CALGARY – Alberta Opposition Leader Jason Kenney is demanding Premier Rachel Notley call a provincial election immediately and stop what he says is campaigning on the public dime.
Kenney said recent government announcements and multimillion-dollar government ad campaigns for the carbon tax are nothing more than partisan promotions for Notley’s NDP.
“Enough is enough,” Kenney said with some of his United Conservative candidates standing behind him in Calgary. “Stop clinging to power. Albertans want change. Not an endless taxpayer-funded campaign.”
Friday was the first day Notley could have, by law, begun a 28-day campaign. She must send voters to the polls no later than the end of May.
Kenney said if his party were to win government, it would make changes to allow the auditor general to prohibit government ads deemed to be partisan.
He said the UCP would also extend a ban on non-essential government advertising to include not only the campaign period, but also the months leading up to it.
“We will put a stop to this abuse of democracy and this waste of tax dollars,” he said.
Earlier this month, Notley announced in Calgary that construction work on the new cancer centre remains on time and on budget for an opening in 2023.
“About 1,500 jobs will be created building this facility,” she said.
At the same time, the party-wing of the NDP used the event to send out a news release warning that the UCP would not fund staff for the centre given a promise to rein in spending. Kenney said he would fund it.
Also Friday, Kenney promised a UCP government would review all contracts signed by Notley’s government from now until election day to make sure they are financially reasonable and in the public interest.
“We will not allow the NDP to get away with signing sweetheart deals with their friends in the dying days of this government,” he said.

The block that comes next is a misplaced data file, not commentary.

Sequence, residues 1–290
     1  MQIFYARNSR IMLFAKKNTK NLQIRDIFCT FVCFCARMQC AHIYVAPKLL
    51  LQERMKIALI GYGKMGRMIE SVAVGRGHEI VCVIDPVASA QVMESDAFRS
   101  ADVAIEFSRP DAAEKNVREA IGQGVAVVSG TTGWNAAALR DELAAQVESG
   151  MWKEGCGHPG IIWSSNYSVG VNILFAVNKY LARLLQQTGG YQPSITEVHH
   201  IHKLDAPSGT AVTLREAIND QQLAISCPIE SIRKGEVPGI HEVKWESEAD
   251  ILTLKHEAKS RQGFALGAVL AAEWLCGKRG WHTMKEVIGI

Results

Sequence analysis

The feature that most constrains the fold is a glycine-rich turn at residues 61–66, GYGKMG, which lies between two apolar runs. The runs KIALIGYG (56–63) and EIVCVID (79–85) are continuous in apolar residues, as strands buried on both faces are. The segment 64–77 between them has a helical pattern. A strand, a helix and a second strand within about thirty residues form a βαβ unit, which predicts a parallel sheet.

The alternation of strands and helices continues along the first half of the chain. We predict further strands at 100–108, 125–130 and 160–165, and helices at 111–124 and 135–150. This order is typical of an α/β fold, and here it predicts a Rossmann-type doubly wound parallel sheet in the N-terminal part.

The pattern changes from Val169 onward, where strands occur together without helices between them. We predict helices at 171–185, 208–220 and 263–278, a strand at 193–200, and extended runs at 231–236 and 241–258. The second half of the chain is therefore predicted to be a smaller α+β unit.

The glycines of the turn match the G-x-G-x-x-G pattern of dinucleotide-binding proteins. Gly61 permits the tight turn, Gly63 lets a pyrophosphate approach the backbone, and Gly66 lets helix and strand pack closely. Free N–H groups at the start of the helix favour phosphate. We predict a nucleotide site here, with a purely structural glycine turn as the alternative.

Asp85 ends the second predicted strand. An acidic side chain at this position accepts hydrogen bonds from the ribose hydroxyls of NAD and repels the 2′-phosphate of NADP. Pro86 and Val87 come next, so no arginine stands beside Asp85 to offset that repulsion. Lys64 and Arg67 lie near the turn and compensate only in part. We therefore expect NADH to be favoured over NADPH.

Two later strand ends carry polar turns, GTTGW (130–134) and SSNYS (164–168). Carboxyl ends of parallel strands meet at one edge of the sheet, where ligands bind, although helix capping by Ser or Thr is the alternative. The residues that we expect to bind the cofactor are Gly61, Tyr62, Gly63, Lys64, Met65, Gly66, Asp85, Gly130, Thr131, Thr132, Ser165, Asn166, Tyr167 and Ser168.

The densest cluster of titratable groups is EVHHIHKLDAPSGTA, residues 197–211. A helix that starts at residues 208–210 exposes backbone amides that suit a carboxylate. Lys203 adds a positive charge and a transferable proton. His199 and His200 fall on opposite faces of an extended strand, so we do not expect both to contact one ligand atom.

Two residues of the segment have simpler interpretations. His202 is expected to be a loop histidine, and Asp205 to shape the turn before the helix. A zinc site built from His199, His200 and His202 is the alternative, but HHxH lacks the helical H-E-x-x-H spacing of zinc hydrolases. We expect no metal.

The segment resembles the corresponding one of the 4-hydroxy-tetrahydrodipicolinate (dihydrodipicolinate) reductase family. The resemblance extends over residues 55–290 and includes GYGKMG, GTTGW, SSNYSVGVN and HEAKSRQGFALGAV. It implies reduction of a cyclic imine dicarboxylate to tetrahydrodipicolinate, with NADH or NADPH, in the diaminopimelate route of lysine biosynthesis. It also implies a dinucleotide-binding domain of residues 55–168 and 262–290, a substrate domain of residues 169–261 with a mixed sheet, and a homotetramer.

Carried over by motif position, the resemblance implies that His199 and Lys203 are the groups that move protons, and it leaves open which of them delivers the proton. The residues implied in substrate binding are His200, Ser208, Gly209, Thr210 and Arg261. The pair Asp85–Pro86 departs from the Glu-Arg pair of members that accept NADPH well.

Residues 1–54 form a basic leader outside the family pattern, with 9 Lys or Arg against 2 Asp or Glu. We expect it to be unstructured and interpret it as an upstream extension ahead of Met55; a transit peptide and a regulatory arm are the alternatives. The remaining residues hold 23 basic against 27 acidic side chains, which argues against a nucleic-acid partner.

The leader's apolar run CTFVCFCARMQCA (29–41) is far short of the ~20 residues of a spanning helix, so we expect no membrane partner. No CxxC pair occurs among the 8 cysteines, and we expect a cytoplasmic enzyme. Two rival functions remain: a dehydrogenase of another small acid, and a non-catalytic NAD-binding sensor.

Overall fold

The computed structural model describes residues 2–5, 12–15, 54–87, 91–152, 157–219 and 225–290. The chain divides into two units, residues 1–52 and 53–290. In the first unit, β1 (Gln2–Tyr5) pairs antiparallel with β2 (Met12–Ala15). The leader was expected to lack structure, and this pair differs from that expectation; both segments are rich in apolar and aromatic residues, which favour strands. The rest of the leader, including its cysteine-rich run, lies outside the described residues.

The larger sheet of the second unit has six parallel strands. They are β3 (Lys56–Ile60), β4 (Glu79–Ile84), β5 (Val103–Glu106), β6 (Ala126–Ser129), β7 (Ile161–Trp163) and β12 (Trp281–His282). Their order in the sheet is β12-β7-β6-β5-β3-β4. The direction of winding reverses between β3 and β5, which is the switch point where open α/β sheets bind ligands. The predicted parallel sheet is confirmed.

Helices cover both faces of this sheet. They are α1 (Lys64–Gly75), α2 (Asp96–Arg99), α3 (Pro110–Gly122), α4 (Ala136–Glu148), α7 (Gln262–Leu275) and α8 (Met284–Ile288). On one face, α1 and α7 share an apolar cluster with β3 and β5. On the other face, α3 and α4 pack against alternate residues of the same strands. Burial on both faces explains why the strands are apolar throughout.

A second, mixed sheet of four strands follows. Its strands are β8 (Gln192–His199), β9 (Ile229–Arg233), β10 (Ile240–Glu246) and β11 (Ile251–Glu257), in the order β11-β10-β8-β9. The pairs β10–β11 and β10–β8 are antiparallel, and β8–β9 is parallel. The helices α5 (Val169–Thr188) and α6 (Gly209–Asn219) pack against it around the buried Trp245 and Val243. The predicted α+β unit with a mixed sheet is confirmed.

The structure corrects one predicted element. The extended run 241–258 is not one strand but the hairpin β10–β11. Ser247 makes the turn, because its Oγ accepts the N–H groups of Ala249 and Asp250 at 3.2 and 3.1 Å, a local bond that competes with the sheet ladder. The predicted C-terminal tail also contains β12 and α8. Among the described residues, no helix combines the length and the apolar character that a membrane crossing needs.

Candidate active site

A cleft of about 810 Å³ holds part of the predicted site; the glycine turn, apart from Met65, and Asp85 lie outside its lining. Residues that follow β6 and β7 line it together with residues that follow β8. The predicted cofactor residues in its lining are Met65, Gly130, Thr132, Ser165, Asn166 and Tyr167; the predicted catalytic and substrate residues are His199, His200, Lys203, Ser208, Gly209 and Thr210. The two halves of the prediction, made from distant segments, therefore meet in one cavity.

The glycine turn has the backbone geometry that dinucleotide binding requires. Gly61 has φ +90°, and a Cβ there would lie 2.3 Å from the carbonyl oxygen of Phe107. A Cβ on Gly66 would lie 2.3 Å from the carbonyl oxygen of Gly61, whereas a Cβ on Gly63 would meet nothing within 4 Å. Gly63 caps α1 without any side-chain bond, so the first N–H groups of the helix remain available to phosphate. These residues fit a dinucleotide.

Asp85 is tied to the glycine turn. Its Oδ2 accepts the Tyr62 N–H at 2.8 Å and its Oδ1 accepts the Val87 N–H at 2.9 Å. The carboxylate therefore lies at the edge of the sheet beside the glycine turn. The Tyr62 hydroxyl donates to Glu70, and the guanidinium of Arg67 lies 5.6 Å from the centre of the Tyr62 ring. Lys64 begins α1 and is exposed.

Asked what action he would take on such deals, he said: “There would be a number of legal options. I’m not going to specify what they all are now.
“It would depend on the nature of the contract, the severity of its violation of the public interest (and) the amount of tax dollars involved.”
NDP Economic Development Minister Deron Bilous rejected Kenney’s accusations, saying Kenney is more focused on returning Alberta to a flat tax on personal income should be become premier.
“What is a sweetheart deal is a $700-million tax cut to the richest one per cent,” Bilous told reporters in Edmonton.
UCP rank and file voted last year to add a flat tax to their policy platform, but Kenney has not said whether he will go along with that.
Both parties are expected to focus in the campaign on who is best suited to leverage Alberta’s resources to recalibrate an economy knocked sideways in recent years by low oil prices.
Kenney has said that Notley’s multibillion-dollar budget deficits, ballooning debt and extra fees such as the carbon tax are knee-capping a struggling economy.
He has promised that he would slash regulations and reduce business taxes to promote growth and balance the budget in four years. He has also promised that he would implement a spending freeze and make cuts that wouldn’t affect frontline services.
Notley has said Kenney’s promise to freeze spending means deep and lasting cuts to health and education given that more children go to school each fall and health costs go up.